Nov. 26, 2015 SIGN IN | REGISTER

A Long-Term Role for a Temporary Allegiance

In 1954, Cold War fears of anti-religion communists led to the addition of the phrase “under God” to the pledge. Within three years, a court case asking that it be removed was introduced in New York, but the court refused. The most recent pledge-related case came before the Supreme Court in 2004, when atheist Michael A. Newdow objected to his daughter being forced to acknowledge or hear reference to God in a public school. He argued that not having to say the pledge wasn’t enough — just having to be in the room while it was recited was a violation of first amendment rights. Ultimately, Newdow lost and “under God” remains.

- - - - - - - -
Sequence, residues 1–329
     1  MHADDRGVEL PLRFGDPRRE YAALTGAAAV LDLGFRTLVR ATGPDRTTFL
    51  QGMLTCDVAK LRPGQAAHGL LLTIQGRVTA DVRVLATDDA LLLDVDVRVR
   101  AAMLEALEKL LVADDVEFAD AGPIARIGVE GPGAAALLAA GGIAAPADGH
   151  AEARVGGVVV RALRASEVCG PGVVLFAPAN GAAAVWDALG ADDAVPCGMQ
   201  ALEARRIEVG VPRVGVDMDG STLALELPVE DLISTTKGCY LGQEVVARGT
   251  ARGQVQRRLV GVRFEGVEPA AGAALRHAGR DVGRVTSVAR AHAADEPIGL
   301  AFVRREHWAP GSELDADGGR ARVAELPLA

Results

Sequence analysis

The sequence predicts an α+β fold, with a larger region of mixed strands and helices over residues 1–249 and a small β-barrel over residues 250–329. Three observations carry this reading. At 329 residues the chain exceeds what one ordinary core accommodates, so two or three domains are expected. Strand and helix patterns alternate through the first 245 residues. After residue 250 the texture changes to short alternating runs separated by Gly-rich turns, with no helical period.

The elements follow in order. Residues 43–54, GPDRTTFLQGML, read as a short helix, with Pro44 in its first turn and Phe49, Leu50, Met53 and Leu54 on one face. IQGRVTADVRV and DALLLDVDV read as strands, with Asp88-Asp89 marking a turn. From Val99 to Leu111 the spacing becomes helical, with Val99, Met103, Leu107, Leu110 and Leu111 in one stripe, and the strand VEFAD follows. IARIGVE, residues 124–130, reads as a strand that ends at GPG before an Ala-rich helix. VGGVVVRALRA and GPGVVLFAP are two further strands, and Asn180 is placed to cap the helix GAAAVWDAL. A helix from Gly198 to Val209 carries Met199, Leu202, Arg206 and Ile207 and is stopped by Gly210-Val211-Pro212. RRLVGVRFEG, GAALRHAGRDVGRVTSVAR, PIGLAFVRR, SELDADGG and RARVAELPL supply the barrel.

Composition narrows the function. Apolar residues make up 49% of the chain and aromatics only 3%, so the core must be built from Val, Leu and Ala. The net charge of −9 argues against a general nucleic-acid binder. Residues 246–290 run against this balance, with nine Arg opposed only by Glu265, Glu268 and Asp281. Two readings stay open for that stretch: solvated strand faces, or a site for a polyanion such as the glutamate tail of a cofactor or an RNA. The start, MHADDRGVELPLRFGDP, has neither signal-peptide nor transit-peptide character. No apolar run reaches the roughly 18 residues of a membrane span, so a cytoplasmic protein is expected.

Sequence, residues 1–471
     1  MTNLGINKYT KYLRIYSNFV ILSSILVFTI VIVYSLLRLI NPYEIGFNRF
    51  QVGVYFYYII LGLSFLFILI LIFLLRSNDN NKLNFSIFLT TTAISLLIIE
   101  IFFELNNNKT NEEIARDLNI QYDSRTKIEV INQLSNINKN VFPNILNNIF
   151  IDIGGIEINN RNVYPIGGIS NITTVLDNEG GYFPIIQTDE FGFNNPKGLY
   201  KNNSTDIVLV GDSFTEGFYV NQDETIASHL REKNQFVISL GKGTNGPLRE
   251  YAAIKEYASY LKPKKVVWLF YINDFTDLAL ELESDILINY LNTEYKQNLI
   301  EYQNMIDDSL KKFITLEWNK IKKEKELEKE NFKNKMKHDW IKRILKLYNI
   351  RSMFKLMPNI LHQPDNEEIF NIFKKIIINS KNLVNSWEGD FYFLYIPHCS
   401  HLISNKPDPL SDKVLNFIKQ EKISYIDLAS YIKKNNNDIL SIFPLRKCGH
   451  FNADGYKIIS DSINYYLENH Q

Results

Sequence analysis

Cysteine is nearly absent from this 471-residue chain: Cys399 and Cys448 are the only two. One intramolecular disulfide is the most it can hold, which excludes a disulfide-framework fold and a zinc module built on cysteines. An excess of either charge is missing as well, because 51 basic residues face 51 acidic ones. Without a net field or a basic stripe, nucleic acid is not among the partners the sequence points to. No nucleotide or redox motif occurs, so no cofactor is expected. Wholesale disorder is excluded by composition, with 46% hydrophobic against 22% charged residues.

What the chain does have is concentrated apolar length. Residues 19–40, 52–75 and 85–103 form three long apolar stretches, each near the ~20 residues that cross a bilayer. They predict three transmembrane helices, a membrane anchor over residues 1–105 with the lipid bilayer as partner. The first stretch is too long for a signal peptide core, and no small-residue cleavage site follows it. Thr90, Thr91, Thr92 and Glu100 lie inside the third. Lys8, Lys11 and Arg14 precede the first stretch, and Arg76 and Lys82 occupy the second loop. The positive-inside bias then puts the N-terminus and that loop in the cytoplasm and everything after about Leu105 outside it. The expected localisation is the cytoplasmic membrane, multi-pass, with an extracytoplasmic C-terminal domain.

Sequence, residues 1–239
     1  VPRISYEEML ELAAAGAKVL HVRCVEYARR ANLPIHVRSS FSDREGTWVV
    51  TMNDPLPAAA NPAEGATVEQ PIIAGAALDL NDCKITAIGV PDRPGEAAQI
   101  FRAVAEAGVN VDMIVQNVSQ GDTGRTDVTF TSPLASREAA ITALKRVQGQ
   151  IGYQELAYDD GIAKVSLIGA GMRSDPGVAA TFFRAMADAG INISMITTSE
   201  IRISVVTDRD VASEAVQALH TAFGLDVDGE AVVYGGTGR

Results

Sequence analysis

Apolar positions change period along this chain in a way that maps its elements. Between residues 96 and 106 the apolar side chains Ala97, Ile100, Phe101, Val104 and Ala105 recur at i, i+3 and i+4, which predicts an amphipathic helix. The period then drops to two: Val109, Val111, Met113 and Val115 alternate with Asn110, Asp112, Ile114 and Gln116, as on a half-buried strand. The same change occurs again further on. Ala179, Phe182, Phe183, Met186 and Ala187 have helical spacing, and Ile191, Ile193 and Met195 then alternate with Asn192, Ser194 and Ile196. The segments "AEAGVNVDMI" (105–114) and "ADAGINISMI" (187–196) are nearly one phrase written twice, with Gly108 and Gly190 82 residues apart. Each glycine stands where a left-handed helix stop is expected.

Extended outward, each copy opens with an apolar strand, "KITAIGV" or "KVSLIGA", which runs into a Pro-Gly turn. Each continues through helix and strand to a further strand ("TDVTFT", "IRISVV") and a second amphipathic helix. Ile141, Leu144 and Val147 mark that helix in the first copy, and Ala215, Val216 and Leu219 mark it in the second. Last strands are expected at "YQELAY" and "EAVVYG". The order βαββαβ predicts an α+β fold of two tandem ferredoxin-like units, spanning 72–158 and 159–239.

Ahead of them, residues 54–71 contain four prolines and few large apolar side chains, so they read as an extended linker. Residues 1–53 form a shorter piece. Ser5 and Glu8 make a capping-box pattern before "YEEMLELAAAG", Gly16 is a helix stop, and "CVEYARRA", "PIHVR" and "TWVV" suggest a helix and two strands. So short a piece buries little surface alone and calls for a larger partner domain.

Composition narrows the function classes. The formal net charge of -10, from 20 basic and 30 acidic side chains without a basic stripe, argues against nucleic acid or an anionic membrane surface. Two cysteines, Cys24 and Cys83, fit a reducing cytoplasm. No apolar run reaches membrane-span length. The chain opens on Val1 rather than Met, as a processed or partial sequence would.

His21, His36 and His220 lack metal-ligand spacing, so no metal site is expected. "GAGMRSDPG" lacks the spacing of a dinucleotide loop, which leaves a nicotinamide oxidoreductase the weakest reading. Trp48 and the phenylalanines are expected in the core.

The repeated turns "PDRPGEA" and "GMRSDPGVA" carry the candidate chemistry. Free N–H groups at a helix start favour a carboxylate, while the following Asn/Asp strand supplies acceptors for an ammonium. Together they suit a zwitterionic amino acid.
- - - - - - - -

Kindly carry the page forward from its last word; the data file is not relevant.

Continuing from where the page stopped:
The story of the pledge is a part of American history that is often overlooked. Thanks to Jones and Meyer, that story is now told.

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